A liquid air energy storage (LAES) system is being operated as a live Industrial Energy Efficiency Accelerator (IEEA) demonstrator project in the UK.
The LAES technology, located at Aggregate Industries’ Cauldon Cement Works, was developed by Scottish firm Innovatium in partnership with the UK’s Birmingham University.
Deployment of the PRISMA (Peak Reduction by Integrated Storage and Management of Air) system is Innovatium’s first fully operational deployment in a “live customer environment”.
At Cauldon, the PRISMA system will bring together a latent energy cold storage tank, filled with a phase change material (PCM) to store thermal energy.
Along with a number of off-the-shelf components, this forms a system that will work within Aggregate Industries’ existing compressed air network.
The integration of such equipment in an industrial setting, for the provision of compressed air, has never been attempted before, say Innovatium.
Innovatium will publish data from the Aggregate Industries demonstrator project this summer.
Simon Branch co-founder and CEO of Innovatium said: “The project at Cauldon will give us valuable data on the performance of the system itself— but also ‘real-life’ evidence of the cost and carbon efficiencies that we believe are achievable.”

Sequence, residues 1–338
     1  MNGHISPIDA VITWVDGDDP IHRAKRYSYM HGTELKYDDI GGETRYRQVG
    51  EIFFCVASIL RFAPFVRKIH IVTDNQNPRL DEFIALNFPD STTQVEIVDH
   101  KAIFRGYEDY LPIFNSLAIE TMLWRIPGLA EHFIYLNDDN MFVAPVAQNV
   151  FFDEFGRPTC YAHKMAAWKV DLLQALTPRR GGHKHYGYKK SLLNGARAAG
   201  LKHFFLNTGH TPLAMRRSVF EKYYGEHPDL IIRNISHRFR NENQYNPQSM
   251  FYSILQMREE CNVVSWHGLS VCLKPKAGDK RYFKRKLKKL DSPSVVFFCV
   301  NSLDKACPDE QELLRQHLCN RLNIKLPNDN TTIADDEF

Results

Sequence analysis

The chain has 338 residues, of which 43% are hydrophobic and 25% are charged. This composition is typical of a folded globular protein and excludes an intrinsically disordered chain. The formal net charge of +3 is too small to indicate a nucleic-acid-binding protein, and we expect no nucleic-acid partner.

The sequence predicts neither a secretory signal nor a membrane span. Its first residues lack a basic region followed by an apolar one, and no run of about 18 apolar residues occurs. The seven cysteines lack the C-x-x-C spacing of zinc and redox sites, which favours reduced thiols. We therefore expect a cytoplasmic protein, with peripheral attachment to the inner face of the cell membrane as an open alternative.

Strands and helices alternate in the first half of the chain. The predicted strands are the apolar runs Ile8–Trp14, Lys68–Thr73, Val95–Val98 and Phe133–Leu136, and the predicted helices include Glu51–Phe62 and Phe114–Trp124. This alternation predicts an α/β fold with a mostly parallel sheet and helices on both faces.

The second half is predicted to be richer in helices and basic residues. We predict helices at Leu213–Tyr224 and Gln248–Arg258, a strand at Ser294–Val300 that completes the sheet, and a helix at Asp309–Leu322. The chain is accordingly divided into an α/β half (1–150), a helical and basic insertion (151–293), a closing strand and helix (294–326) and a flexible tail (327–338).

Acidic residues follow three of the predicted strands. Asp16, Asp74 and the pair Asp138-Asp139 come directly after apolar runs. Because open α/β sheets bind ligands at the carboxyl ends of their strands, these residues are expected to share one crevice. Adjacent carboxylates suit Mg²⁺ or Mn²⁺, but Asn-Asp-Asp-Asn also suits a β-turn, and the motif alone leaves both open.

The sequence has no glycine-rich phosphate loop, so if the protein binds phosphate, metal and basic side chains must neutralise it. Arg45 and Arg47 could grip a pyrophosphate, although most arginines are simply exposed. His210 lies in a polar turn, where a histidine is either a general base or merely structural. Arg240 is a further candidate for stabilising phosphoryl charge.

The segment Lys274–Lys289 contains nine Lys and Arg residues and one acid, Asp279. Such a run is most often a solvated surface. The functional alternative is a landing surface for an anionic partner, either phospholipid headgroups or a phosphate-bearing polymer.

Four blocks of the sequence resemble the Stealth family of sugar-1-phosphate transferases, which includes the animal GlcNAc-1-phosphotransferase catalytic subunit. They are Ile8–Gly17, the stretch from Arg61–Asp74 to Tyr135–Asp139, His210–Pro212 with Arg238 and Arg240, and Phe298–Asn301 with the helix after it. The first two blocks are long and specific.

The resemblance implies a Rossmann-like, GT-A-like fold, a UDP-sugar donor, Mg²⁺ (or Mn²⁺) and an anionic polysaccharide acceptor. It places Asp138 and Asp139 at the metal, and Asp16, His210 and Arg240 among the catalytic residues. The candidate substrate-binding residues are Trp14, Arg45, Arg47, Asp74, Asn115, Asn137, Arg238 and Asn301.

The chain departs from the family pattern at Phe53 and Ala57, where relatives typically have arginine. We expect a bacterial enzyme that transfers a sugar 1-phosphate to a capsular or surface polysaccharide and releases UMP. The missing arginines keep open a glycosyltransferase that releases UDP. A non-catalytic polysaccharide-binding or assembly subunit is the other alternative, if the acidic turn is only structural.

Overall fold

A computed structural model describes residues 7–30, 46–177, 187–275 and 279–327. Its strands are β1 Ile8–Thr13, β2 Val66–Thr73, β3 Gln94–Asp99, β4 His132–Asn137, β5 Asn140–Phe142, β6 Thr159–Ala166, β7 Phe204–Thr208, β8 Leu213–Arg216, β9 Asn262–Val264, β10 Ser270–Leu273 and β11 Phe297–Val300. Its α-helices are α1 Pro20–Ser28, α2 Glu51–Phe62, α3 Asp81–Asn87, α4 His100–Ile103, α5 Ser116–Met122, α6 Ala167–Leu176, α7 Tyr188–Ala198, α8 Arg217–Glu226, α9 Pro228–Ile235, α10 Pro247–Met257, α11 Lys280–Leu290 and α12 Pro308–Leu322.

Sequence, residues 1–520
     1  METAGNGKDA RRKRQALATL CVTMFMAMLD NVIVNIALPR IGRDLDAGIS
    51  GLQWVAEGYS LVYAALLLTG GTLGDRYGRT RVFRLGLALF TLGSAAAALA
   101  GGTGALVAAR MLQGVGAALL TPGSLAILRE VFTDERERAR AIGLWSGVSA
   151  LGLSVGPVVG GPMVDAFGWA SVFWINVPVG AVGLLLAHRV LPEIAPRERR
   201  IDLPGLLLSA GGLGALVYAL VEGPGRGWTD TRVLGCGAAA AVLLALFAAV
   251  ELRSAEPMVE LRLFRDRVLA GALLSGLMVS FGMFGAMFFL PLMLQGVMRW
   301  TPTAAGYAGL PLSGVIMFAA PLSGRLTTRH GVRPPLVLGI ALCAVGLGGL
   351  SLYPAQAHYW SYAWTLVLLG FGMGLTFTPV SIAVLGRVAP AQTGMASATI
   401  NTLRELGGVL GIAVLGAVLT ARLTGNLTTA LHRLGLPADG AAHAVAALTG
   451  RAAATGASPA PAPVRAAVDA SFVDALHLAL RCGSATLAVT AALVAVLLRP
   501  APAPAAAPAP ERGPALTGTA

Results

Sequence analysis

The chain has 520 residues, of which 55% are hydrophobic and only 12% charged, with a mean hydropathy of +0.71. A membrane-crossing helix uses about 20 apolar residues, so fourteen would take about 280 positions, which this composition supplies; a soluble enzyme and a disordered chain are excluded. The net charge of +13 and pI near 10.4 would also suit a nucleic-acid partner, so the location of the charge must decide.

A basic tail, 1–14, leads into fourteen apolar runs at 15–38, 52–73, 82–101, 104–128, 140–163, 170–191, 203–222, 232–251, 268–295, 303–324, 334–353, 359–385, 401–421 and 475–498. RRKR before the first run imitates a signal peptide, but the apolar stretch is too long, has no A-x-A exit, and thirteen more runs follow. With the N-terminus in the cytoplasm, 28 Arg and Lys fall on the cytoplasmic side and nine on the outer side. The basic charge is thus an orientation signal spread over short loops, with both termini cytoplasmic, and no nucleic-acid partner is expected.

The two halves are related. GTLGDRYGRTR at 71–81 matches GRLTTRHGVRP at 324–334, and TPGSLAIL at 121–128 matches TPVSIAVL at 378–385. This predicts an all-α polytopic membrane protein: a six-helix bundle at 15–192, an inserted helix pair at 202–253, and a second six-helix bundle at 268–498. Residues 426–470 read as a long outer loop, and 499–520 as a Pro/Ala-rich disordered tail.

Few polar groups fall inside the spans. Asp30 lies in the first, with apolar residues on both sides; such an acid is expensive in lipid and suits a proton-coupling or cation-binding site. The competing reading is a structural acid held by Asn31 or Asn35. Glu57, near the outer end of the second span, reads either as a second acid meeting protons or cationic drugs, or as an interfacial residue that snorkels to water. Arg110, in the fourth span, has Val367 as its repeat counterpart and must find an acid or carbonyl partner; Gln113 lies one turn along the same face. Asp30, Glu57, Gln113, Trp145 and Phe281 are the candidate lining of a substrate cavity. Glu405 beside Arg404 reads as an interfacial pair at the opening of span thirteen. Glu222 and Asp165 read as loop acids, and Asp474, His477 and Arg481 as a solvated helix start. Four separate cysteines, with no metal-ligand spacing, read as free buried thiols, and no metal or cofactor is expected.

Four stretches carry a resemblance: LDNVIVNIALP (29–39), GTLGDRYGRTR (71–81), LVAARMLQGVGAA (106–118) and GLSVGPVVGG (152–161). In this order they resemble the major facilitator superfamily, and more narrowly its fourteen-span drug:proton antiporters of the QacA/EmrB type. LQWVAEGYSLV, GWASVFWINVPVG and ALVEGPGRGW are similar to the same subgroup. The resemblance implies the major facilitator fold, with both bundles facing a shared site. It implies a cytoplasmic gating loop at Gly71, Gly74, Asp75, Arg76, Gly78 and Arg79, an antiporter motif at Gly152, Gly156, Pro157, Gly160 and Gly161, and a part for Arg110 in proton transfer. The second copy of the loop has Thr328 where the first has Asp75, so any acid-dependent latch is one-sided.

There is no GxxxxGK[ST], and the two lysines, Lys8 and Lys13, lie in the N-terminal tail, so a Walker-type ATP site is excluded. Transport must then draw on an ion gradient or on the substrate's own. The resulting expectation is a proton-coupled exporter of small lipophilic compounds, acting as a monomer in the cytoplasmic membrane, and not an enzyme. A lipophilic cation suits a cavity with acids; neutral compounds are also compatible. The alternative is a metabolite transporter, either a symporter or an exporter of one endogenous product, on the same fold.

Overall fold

How it works
Innovatium says its technology involves a thermal storage vessel filled with a specially formulated material that stores cold air at -150C; this cold store allows the firm to liquify air and store it in the liquid air vessel ready for use on-demand.
During charging, the liquid air store is supplied with ambient temperature compressed air, which is chilled to -150C through the “sensible coolth store” to the condensation point where liquefaction begins.
In the same vessel, the saturated air passes to the second “latent coolth store” that contains a phase change material (PCM) and from there the air is fully liquefied and can be stored for long periods in the integrated vacuum-insulated tank.
When required, the whole cycle runs in reverse— the liquid air passes back through the latent coolth store where it picks up the stored heat removed from the charging process and becomes gas.
It then passes back through the sensible coolth where it again picks up stored heat to then discharge as usable ambient temperature compressed air.
Each unit stores 150kWh of power, has around a 25-year life span.